Bicycle riding has always been something we wanted her to do, but it’s taken several years of trial and error to get her going on it, find the right bike, help her overcome her nervousness of wobbling on the training wheels. This year, we found a pretty purple and aqua bike that she loves. We still feel we have to jog alongside her in case of toppling over to the side, but her core strength is getting stronger and she’s staying more upright.

It’s exhausting, but worth it to see her smile of triumph as she pedals away.

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Lilly Lately

Here’s what’s been happening in Lilly’s world the past few months or so:

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With Santa at Christmas. The Easter bunny and the tooth fairy are out, but I think she still believes in this guy. Or WANTS to. 

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With her friend Chris.

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Viewing this year’s ice sculptures at the Winter Carnival.

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Putting silly sentences together with Mom.

No major health concerns, she’s been remarkably well over the winter and so far this spring. Mystery pains in her legs, and we were a bit worried about tethered cord again, but I think she’s just growing. And growing. And growing!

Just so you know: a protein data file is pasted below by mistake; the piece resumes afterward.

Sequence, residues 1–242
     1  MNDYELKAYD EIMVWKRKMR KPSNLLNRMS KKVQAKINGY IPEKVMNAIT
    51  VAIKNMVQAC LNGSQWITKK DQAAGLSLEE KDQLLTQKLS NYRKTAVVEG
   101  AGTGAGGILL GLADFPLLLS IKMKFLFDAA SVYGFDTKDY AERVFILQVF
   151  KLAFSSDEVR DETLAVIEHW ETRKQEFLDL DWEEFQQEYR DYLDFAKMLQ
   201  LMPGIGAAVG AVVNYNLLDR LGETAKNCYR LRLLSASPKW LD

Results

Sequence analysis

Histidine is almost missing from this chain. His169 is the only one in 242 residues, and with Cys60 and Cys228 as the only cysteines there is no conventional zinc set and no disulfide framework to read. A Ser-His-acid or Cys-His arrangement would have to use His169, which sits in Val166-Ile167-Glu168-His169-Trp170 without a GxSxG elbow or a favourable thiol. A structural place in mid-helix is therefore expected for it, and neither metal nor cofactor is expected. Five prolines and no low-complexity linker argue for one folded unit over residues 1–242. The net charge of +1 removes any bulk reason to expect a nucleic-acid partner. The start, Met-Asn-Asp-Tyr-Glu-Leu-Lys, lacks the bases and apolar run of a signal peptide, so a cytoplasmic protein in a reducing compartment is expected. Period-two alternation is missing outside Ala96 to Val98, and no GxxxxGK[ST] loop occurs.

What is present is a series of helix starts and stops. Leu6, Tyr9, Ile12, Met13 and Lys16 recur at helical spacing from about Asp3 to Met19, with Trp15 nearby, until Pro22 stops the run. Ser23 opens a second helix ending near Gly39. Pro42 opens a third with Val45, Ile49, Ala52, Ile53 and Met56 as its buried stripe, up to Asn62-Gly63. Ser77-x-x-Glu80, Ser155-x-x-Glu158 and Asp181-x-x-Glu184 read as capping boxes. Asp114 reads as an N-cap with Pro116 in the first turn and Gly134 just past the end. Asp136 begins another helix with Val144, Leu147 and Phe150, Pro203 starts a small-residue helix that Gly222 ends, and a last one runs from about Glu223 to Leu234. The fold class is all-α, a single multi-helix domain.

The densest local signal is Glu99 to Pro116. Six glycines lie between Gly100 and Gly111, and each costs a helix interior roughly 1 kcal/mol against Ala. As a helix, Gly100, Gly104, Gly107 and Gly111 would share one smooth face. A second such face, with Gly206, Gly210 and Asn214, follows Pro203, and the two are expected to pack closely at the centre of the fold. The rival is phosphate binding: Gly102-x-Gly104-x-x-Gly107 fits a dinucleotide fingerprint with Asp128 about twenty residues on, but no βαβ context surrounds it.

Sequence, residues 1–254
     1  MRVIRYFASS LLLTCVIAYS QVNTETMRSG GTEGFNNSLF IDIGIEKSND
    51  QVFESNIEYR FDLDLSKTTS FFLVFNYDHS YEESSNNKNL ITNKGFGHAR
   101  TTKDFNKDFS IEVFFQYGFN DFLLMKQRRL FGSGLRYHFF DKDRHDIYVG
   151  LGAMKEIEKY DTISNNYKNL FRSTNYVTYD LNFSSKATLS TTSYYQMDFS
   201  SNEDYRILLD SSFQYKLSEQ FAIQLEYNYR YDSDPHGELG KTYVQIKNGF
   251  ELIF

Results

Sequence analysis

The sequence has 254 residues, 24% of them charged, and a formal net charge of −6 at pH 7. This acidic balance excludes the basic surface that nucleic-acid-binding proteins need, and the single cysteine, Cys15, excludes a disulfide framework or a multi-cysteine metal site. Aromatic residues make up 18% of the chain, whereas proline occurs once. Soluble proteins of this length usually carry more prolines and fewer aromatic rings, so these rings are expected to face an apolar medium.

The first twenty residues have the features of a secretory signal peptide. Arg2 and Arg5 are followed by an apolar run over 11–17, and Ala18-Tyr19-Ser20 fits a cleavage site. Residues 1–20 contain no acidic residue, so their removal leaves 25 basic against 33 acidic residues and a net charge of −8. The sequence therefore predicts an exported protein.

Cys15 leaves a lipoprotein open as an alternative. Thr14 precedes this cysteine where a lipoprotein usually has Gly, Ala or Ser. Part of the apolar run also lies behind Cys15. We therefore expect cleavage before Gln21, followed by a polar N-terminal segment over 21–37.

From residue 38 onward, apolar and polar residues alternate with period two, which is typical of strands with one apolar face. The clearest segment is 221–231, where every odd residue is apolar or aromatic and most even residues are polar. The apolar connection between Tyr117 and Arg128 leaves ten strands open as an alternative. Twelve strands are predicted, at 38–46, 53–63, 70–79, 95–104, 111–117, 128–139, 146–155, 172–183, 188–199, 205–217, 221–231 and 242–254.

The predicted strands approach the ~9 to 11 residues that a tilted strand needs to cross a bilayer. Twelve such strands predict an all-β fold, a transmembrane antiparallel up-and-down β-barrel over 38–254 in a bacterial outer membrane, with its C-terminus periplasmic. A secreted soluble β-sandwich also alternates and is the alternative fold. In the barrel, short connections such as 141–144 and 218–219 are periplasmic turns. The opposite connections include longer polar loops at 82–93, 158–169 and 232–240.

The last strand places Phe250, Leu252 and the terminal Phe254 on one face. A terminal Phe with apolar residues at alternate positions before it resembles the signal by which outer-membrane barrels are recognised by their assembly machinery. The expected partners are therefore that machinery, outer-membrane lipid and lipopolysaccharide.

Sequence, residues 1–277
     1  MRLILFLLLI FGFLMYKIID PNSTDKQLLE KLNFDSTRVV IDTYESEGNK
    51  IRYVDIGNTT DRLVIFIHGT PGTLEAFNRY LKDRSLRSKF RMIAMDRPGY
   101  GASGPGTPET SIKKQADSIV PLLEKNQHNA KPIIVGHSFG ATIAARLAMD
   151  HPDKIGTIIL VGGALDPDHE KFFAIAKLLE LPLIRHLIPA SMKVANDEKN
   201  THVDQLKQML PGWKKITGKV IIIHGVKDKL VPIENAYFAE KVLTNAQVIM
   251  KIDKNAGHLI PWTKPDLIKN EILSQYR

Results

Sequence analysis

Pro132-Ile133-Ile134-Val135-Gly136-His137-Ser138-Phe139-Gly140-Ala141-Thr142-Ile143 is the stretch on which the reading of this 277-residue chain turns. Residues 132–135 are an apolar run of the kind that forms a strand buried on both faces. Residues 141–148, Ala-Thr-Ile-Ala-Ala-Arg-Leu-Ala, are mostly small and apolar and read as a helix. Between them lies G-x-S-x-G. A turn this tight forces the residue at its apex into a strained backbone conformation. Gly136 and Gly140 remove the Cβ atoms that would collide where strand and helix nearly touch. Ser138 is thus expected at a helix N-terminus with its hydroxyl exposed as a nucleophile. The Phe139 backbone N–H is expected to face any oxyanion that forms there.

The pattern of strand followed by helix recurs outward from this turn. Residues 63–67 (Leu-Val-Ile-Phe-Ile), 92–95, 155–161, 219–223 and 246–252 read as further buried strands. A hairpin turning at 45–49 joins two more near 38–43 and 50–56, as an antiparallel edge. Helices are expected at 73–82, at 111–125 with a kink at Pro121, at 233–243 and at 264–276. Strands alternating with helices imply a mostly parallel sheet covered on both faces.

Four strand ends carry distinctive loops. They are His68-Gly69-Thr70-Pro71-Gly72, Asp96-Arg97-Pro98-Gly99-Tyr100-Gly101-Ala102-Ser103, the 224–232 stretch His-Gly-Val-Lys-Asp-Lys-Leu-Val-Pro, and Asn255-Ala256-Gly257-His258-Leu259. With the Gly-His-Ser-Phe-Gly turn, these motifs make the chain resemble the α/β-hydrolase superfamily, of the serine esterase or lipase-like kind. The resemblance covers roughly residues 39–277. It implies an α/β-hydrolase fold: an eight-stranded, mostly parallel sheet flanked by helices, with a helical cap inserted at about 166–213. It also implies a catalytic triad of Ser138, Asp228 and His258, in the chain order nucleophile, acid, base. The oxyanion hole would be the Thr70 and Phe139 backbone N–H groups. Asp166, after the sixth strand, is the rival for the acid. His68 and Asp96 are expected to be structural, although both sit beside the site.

Lucky

I’m part of a Facebook group for parents of children with spina bifida. We talk a lot about our kids’ poop (really), because that’s the focus, but a lot of things can come up. One of the things that comes up once in a while is a post from expecting parents who just found out their unborn child has spina bifida. These posts are wrenching to read, because they’re filled with such confusion and fear and grief, and they’re looking for some reassurance and hope.

All SB parents go through this (or any parents whose child has a birth defect). I’ll never forget the day, at 16 weeks during a routine ultrasound, that we found out our unborn baby had a “neural tube defect” . A rapid succession of disbelief, confusion, denial, and then outright terror shot through me. We’d barely heard of spina bifida, knew almost nothing about it. It was something that happened to “other people”, those unfortunate souls. Not us. Not our child.

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Baby days

But the proof was right there in front of us, as the doctor showed us the ultrasound pictures, pointed out the defect on the end of her spine, tried to explain what it was, and what, in a vague kind of way, might come of it. What had started out as an exciting day (we found out we were having a girl–yay!) had turned into a nightmare.

The next few months, I spent a lot of time online looking up information about spina bifida. I’m not sure that was such a great idea, since it painted a terrifying picture of what we and our child might go through. Myelomeningocele (the official term) is a fairly serious defect of the spine, and as such, can have a systemic affect, touching almost every system of the body. We were looking at the possibility of hydrocephalus, paraplegia, bladder and bowel problems, countless surgeries. My mind reeled with it, my heart shattered, my hope of any normal life for us or our child withered.